An Introduction to Japanese Yōkai: Kitsune

Amongst the numerous hobbies that I enjoy, is the study of Japanese history and culture. Nestled deep in Japan’s long history are countless tales and records involving the supernatural and extraordinary. The most striking are those that surround the Yōkai. Yōkai are spirits, demons, or otherwise supernatural entities. And they are numerous, popping up all over Japanese recorded history. Even powerful leaders like Toyotomi Hideyoshi have pondered their existence and meaning. Many Yōkai are perceived to be friendly or benign. Many are seen to be a bane to the people they come in contact with, often causing mischief and problems wherever they appear. Some are even seen as holy, and tied directly to the various gods in the Shinto religion. This series is an introduction into the very deep world of the Japanese supernatural.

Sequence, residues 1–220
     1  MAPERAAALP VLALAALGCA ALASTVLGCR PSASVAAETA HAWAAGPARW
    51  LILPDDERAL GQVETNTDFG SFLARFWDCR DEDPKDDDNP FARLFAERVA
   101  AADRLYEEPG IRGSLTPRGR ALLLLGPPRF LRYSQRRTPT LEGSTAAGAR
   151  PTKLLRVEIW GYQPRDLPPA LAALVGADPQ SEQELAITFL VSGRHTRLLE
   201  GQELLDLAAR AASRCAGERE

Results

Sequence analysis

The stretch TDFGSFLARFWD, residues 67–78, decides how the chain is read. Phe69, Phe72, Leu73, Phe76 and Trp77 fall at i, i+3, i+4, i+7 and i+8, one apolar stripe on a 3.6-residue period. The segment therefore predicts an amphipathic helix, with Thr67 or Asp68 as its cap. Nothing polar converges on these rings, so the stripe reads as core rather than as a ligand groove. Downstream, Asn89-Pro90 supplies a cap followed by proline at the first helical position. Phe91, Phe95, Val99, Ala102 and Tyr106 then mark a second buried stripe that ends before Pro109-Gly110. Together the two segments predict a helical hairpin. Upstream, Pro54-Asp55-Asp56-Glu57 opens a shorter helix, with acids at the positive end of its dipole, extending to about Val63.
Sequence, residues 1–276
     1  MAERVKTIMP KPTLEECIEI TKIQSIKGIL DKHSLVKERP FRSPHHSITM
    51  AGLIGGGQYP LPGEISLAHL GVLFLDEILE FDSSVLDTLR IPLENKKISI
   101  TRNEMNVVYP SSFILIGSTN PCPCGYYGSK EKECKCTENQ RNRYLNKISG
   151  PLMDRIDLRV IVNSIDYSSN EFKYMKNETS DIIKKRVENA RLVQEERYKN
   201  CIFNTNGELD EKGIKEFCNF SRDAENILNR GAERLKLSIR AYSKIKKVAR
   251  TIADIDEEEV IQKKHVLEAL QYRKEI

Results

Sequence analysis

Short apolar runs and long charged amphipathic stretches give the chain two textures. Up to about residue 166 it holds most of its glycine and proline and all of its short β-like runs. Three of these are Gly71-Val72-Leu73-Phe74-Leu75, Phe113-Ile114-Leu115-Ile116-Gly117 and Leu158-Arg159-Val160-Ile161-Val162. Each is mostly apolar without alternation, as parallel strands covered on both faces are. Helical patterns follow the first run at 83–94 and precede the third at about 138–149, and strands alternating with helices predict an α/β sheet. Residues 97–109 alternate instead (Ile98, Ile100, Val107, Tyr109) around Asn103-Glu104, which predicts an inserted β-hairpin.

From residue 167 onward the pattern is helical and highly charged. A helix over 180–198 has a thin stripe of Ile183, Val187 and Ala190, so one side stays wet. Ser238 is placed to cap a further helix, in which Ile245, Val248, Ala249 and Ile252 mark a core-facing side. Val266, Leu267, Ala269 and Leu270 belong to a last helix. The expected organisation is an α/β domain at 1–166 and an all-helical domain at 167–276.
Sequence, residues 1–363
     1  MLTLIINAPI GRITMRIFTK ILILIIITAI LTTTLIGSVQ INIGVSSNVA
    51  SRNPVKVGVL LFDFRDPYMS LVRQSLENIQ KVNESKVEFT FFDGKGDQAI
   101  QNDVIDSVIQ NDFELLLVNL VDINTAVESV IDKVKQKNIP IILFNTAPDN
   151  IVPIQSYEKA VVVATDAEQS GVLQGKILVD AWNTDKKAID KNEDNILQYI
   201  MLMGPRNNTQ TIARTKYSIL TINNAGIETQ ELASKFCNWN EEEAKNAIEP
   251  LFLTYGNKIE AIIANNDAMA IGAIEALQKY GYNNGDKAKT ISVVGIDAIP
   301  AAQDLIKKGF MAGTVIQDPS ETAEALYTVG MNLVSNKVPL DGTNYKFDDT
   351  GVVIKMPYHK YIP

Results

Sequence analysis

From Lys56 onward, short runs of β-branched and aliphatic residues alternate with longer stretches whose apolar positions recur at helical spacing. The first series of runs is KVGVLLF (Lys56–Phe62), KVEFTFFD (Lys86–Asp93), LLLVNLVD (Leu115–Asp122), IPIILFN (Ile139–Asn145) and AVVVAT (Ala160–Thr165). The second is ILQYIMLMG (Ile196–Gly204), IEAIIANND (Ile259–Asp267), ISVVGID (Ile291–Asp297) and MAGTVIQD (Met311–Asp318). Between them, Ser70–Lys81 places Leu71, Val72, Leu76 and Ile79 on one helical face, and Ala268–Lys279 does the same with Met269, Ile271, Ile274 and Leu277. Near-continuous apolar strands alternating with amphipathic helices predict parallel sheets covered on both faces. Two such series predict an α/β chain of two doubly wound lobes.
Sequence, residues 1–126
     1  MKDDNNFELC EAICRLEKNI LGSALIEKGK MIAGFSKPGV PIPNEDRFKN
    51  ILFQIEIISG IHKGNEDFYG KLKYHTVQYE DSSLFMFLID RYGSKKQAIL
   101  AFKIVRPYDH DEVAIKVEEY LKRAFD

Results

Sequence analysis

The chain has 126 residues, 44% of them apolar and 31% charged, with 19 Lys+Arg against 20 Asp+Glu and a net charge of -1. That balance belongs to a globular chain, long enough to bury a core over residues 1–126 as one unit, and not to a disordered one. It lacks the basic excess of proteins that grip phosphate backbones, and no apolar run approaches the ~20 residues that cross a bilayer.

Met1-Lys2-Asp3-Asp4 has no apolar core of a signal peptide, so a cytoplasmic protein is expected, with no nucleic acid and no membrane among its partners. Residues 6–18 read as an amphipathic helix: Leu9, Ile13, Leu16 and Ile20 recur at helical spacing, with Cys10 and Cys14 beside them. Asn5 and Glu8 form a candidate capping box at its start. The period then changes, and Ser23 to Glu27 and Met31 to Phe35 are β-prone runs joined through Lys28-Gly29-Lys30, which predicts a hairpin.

Kitsune [pronounced: Kit Soo Neh] are some of my favorite Yōkai in Japanese folklore. Kitsune literally means fox. So, the word kitsune actually refers to the animal foxes as well as the fox spirits. In current Japanese culture the animal fox is usually* written as キツネ(katakana version) or きつね(hiragana version). The Kitsune spirit though, as seen above in the sub-title, uses 狐(traditional kanji version). Confusing? Yeah, calling a mystical spirit and a flesh and blood animal by the same name could get confusing. But fox spirits often resembled regular foxes. So picking a spirit out from an animal also could get confusing. But let’s move on before we all go crosseyed, shall we?